If you’ve never known what cold brew coffee is but you’ve been afraid to ask for seeming like you’re not a true coffee freak, you’re not alone. Some restaurant and coffee chains—we won’t mention any names—have been purposely muddying the waters between what iced coffee and true “cold brew” are.
They know cold brew sounds fancier, like, say… something people will pay more money for—and hey, they’re both just cold coffee, right?
True, both start with ground coffee beans and are (often) served with ice cubes, but that’s about where the similarities end.
So, what’s the big difference between cold brew and iced coffee?
Pretty simple, really: Cold brew is coarsely ground coffee that’s been steeped in cold water, whereas iced coffee is coffee that’s been brewed with hot water and poured over ice to cool it down.
To repeat: Cold brew is not hot coffee poured over ice (and it’s almost definitely not what your local fast food drive-thru is calling cold brew).
It’s made using a completely different brewing/extraction process, and the result product has several health, taste, and convenience benefits compared to iced coffee:
- Cold brewed coffee has much more caffeine.
- Cold brew lasts much longer than other brewed coffee.*
- It’s generally sweeter, smoother, and less bitter-tasting than iced coffee.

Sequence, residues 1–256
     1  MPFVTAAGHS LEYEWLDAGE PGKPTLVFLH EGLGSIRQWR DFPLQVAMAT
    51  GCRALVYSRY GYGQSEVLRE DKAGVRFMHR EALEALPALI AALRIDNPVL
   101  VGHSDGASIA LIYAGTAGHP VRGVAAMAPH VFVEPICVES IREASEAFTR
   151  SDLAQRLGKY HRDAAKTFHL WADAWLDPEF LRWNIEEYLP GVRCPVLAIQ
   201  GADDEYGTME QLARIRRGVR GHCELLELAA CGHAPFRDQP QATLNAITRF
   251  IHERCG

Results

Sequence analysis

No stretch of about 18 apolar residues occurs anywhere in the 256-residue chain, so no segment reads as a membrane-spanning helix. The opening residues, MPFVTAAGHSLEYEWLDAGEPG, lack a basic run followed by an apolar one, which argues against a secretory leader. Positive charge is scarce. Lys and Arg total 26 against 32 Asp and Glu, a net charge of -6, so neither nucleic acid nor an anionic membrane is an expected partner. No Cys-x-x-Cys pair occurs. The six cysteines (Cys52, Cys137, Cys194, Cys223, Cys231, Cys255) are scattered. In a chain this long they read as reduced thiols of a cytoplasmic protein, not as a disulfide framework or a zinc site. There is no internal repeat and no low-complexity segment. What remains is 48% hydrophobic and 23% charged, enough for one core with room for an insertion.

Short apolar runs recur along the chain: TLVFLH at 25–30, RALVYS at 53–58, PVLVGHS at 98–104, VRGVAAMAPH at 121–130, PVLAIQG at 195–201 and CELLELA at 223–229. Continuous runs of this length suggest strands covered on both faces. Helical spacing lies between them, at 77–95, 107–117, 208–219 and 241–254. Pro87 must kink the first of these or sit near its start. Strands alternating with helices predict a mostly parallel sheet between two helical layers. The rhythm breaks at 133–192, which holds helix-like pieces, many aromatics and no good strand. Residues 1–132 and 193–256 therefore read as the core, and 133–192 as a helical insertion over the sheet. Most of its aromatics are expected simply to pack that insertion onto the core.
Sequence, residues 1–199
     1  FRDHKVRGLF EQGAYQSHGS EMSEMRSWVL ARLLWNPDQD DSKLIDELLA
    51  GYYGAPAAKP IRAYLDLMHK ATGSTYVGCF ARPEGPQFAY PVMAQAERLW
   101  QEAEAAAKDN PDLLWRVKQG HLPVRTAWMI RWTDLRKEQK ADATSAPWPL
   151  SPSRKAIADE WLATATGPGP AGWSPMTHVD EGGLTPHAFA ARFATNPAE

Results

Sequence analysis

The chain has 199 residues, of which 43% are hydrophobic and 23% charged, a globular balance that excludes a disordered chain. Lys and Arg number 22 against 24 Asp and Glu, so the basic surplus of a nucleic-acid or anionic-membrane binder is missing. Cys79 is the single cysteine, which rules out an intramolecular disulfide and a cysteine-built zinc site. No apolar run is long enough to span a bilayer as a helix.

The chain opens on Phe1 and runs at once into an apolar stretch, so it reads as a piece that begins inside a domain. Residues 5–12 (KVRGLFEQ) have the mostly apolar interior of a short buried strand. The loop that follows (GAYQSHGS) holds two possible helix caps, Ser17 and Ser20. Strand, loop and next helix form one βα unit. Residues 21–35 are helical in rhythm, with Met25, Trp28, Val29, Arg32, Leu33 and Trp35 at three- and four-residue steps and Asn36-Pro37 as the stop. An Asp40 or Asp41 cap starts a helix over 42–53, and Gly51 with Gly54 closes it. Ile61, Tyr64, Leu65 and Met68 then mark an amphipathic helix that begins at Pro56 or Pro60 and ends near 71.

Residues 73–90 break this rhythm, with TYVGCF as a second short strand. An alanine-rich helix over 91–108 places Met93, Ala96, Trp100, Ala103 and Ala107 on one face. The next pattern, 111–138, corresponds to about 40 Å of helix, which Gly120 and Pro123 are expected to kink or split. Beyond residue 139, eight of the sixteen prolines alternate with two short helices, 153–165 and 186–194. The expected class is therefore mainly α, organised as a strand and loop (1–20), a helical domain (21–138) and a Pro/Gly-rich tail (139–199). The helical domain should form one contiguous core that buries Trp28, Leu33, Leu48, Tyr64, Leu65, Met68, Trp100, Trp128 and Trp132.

- It has low acidity, and is significantly easier on the stomach for people with digestive sensitivities.
- Compared to iced coffee, it tends to taste less watered-down because it starts cold and doesn’t rely on melting ice cubes to reach a cold temperature.
*To be more specific, undiluted cold brew coffee will last in your fridge for approximately two weeks. Adding water will drastically shorten the storage life, reducing it to just a couple of days.
As you can see, you can keep your batch of cold brew around a lot longer by waiting to add the water to it until you’re ready to drink it.
If you’re making cold brew at home, remember to make sure that your beans aren’t too finely ground. If you’re using to grinding your beans super fine before making drip coffee, pay attention here. This is one of those situations where you definitely want to aim for a coarse grind. Otherwise, your cold brew might resemble cold mud (really bitter tasting cold mud).
You don’t want to be too impatient when you’re making cold brew, because just like when you’re watching hot water drip through coffee in a brewer, the coffee is infusing the water while it’s in the refrigerator.
That means if you decide to pull your cold brew out a few hours early, you’re going to end up with a much weaker batch of coffee. (And we’re not fans of weak coffee here.)
Those hours between 12 and 24 make a huge difference—cold brew that’s only been brewing for 9 hours or so will probably leave you disappointed. That being said, letting your coffee brew for a full 24 hours will result in an extremely strong coffee concentrate.
Remember, once the brewing process is over, you’ll be able to keep the cold brew concentrate in the fridge for days and use it to make multiple pots of coffee. So if you’re craving a cup or three before twelve hours is over, use another method like making pour over coffee or use an AeroPress.